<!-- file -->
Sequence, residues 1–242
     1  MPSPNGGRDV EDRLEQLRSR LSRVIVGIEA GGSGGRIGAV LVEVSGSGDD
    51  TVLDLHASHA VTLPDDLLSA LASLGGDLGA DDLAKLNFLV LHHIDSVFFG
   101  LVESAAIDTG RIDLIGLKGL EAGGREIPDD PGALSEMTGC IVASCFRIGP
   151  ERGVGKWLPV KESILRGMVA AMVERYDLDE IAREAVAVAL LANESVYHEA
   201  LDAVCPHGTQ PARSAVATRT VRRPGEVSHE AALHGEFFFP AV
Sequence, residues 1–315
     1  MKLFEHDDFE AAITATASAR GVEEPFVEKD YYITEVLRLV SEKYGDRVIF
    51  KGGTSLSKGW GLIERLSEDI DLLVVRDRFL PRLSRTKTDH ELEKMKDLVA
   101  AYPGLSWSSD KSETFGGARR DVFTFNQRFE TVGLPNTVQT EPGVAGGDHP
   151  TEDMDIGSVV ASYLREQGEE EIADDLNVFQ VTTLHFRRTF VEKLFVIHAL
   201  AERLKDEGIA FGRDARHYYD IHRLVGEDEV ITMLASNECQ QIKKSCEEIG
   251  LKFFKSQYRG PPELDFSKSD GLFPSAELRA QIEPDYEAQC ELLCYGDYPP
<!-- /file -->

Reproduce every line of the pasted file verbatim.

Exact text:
Sequence, residues 1–242
     1  MPSPNGGRDV EDRLEQLRSR LSRVIVGIEA GGSGGRIGAV LVEVSGSGDD
    51  TVLDLHASHA VTLPDDLLSA LASLGGDLGA DDLAKLNFLV LHHIDSVFFG
   101  LVESAAIDTG RIDLIGLKGL EAGGREIPDD PGALSEMTGC IVASCFRIGP
   151  ERGVGKWLPV KESILRGMVA AMVERYDLDE IAREAVAVAL LANESVYHEA
   201  LDAVCPHGTQ PARSAVATRT VRRPGEVSHE AALHGEFFFP AV
Sequence, residues 1–315
     1  MKLFEHDDFE AAITATASAR GVEEPFVEKD YYITEVLRLV SEKYGDRVIF
    51  KGGTSLSKGW GLIERLSEDI DLLVVRDRFL PRLSRTKTDH ELEKMKDLVA
   101  AYPGLSWSSD KSETFGGARR DVFTFNQRFE TVGLPNTVQT EPGVAGGDHP
   151  TEDMDIGSVV ASYLREQGEE EIADDLNVFQ VTTLHFRRTF VEKLFVIHAL
   201  AERLKDEGIA FGRDARHYYD IHRLVGEDEV ITMLASNECQ QIKKSCEEIG
   251  LKFFKSQYRG PPELDFSKSD GLFPSAELRA QIEPDYEAQC ELLCYGDYPP